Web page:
Townsend, Sue: Adrian Mole and the Weapons of Mass Destruction

patriot2“But the truth was, dear diary, I remembered Animal Farm as being a book simply about animals on a farm”

No, the Monthly Book Group had not met to give their informed criticism of George Orwell’s classic; rather the book was “Adrian Mole and the Weapons of Mass Destruction” and the quote in question came from Adrian himself attending the Leicester and Rutland Creative Writing Group (aka Readers’ Club) in the bookshop run by Mr Calton-Hayes. Although arguably missing the metaphor in Animal Farm, the LRCWG did spot the resemblance between Tony Blair and Jane Eyre, showing Charlotte Bronte to be well ahead of her time.

The proposer gave a short summary of Sue Townsend’s eventful life from 1946 to 2014, a bestselling novelist since 1982 when she commenced her Adrian Mole series. She had left school at 15 years of age, married at 18, a single parent at 23 with three children. Previous to her writing career, she had experienced several low-paid jobs in her native Leicester and this experience shone through in her writing. She was also an award-winning playwright and had amassed several other honorary degrees and prizes.

Discussing the book, the attendees had all enjoyed it, most reading it for the first time. It was ‘laugh out loud’ funny with a cast of British eccentrics, a number of running plots and gags, most notably the deployment of Adrian’s son Glenn and mate Robbie to Iraq to deal with the WMD, and Adrian’s (Kipling’s) amorous adventures with Pandora (continued), Marigold and Daisy (French Fancy) Flowers. (Yes, really, the other sister is Poppy.) One of us commented on feeling pathos; at how poor AM couldn’t get on whereas Pandora sailed through all her exams. Another seemed to identify with Adrian’s experience of credit cards, as he opened one after another to pay for the one before, commenting on the early 2000s financial irresponsibility and willingness of banks to back a bad risk. Of course this book was written in 2004, but we suspect Sue T. had a good idea of what was coming later in the decade. 

Another running gag deals with Adrian’s letters to Latesun Ltd., asking Mr. Blair to confirm the existence of WMD so AM could recover his £57.10 Cyprus holiday deposit. As the book progresses Adrian mirrors the British public in questioning the validity of the Iragi invasion. Alas, Mr. Blair never writes to confirm that the WMD are targeted at Cyprus. The group wondered at Adrian’s naivety (playing the ‘daft laddie’) in writing to Blair, Beckham, Jordan, Arsene Wenger, Tim Henman et al. to offer advice. Well, Tim, you never did win Wimbledon. You should have listened.  Some celebrities seemed to be less than keen to contribute to AMs forthcoming book on ‘Celebrity and Madness’.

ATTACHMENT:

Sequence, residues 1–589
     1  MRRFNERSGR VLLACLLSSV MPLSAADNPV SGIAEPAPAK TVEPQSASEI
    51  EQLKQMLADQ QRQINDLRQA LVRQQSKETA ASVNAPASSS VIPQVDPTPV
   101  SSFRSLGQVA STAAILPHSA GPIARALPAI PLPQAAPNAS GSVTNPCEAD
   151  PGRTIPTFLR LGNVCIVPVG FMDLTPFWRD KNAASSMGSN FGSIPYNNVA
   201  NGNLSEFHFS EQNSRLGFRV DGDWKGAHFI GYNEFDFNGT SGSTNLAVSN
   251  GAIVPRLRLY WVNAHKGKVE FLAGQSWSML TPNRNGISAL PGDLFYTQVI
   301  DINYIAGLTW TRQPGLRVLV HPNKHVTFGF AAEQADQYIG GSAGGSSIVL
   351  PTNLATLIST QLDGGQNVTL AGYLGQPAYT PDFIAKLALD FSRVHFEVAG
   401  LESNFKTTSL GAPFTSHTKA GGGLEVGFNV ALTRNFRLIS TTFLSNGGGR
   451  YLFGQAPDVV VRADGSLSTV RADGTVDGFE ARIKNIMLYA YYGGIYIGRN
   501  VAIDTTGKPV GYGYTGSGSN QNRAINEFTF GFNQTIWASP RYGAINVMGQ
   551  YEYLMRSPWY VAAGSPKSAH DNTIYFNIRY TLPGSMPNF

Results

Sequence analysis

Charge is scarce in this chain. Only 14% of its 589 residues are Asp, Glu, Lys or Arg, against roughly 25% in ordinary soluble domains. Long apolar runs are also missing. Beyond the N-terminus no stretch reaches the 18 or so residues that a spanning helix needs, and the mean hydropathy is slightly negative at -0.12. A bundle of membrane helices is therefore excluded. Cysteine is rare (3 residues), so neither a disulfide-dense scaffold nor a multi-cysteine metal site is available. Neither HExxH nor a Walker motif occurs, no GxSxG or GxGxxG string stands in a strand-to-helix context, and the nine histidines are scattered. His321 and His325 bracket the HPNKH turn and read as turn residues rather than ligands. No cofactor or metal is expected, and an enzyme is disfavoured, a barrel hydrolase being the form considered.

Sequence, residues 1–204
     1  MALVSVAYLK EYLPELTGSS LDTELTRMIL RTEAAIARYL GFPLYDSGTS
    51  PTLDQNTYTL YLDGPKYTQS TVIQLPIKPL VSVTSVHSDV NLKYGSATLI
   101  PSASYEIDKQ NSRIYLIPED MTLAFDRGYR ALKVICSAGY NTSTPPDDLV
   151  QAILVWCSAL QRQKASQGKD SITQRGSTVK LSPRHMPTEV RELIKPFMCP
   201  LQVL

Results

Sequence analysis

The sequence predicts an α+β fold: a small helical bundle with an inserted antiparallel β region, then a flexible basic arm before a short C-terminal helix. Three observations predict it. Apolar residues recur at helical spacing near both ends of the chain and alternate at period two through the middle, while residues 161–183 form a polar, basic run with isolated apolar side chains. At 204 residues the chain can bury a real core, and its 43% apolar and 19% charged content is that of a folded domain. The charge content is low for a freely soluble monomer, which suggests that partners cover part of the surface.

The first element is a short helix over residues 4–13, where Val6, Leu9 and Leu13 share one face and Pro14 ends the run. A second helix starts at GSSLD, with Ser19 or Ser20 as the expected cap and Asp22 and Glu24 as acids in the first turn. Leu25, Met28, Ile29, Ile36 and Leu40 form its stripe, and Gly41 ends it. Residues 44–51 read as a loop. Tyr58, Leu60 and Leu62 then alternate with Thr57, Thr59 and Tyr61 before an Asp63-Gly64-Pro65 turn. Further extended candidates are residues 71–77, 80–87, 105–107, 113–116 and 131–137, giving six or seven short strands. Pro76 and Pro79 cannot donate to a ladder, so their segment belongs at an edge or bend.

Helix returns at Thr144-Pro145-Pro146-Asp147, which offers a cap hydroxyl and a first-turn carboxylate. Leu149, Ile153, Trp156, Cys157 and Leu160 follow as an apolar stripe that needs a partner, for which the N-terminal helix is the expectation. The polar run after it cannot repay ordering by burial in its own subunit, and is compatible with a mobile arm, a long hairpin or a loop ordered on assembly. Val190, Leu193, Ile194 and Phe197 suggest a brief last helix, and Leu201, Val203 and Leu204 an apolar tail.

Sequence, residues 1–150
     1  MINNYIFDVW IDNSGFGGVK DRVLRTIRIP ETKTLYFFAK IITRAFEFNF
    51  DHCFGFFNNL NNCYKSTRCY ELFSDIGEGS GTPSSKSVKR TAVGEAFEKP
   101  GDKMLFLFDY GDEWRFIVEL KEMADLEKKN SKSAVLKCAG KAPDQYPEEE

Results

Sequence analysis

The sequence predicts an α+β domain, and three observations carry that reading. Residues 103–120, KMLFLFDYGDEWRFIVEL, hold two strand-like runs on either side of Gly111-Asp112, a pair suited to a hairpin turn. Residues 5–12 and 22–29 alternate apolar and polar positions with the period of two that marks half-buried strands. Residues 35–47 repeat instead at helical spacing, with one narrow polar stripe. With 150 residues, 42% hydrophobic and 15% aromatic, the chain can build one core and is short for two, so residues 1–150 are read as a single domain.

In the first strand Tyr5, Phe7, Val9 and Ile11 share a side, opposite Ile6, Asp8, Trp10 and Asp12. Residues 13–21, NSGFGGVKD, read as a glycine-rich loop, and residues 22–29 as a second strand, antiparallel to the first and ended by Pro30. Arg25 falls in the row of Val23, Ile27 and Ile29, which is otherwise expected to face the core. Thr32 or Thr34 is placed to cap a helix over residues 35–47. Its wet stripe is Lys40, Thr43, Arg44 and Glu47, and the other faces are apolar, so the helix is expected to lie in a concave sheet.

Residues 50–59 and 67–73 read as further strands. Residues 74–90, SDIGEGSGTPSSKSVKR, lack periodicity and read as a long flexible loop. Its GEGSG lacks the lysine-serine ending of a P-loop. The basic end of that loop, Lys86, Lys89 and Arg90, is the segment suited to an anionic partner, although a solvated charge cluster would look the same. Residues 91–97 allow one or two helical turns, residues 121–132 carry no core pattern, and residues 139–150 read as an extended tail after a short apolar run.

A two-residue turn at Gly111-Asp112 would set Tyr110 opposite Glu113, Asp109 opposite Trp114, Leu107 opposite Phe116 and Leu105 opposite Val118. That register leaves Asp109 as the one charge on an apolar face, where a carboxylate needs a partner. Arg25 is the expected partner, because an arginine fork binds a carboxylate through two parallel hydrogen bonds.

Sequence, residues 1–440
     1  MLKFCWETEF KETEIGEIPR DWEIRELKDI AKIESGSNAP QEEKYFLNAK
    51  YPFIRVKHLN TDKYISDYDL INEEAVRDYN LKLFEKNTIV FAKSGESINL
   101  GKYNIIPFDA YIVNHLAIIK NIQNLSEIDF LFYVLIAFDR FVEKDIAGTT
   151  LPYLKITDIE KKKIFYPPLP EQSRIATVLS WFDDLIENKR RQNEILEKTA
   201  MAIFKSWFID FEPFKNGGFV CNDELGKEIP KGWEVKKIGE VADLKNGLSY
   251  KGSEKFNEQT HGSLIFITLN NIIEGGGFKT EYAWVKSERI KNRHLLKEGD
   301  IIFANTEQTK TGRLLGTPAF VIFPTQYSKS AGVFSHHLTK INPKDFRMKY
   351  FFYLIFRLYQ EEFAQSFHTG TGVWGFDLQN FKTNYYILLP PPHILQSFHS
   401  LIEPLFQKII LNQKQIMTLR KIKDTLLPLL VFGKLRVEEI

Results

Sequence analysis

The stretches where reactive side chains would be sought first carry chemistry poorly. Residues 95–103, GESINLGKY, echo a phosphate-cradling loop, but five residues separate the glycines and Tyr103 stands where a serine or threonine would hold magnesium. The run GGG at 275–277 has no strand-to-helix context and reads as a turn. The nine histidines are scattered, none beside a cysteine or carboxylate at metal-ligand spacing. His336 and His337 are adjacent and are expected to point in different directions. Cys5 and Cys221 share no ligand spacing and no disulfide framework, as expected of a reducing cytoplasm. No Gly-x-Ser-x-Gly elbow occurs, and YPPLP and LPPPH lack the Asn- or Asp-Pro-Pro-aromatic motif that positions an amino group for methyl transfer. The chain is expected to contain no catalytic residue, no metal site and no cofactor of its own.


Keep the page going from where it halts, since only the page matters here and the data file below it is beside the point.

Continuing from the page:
What is enduring in life? Taking the series as a whole, one reader was unhappy that Adrian’s character doesn’t develop, and he is still naive at 35. This isn’t plausible. Overall, the group felt that ST had captured the early 2000s mood in Adrian’s aspirations to better himself, notably in renting the less than exclusive property in Rat Wharf. (The clue is in the name.) Equally, he bought all sorts of unnecessary and overpriced accoutrements to improve the decor. One unwelcome neighbour at Rat Wharf was the aggressive Gielgud the Swan; this led to some classic comedy of misunderstanding with the Council’s Neighbourhood Conflict Unit as a series of letters were exchanged about AMs troublesome neighbour, Mr. Swan.

Fairly early in the evening, however, the conversation veered from the book itself towards the elephant in the room that was the existence or not of the weapons of mass destruction. Some asserted that it was obvious at the time that such didn’t exist. Was the Iraq invasion a cynical attempt to protect oil reserves, a reaction to the Twin Towers attacks, or an example of US cowboy culture? To what extent were the public wise after the event?  There was much discussion about the merits of the democratic process and the truism that it cannot be imposed but has to evolve from within. There was ensuing debate about the role of women in UK and world politics and society, science and religions, and to what extent aggression is a male trait. Where is Charlotte Bronte when you need a Middle East Envoy? Somehow we revisited Dresden in the Second World War; was this truly a war crime? We diverted and digressed and talked of the parliamentary and committee systems. Do MPs work hard? Are they paid enough? (Historical note: this preceded the revelations about Rifkind and Straw in February 2015.). These notes are not coherent; neither was the discussion!

At the end, we returned to the book. We loved some of Sue’s turns of phrase; we laughed, we cried. She captured the gradual realisation that the pretext for invasion was wrong. Who was the targeted audience? We felt that it appeals to any age and demographic. We talked of the advantages of the diary format that allows inconsistency, showing how public opinion is influenced by the popular press and politicians. Nevertheless, after the humour and pathos, the book ends on a serious note.

No doubt they’ll soon get well; the shock and strain
Have caused their stammering, disconnected talk.
Of course they’re ‘longing to go out again,’—
These boys with old, scared faces, learning to walk.
They’ll soon forget their haunted nights; their cowed
Subjection to the ghosts of friends who died,—
Their dreams that drip with murder; and they’ll be proud
Of glorious war that shatter’d all their pride…
Men who went out to battle, grim and glad;
Children, with eyes that hate you, broken and mad.
(Siegfried Sassoon, Survivors)

 Finally, Adrian thinks to write an autobiography. Happy people don’t keep a diary.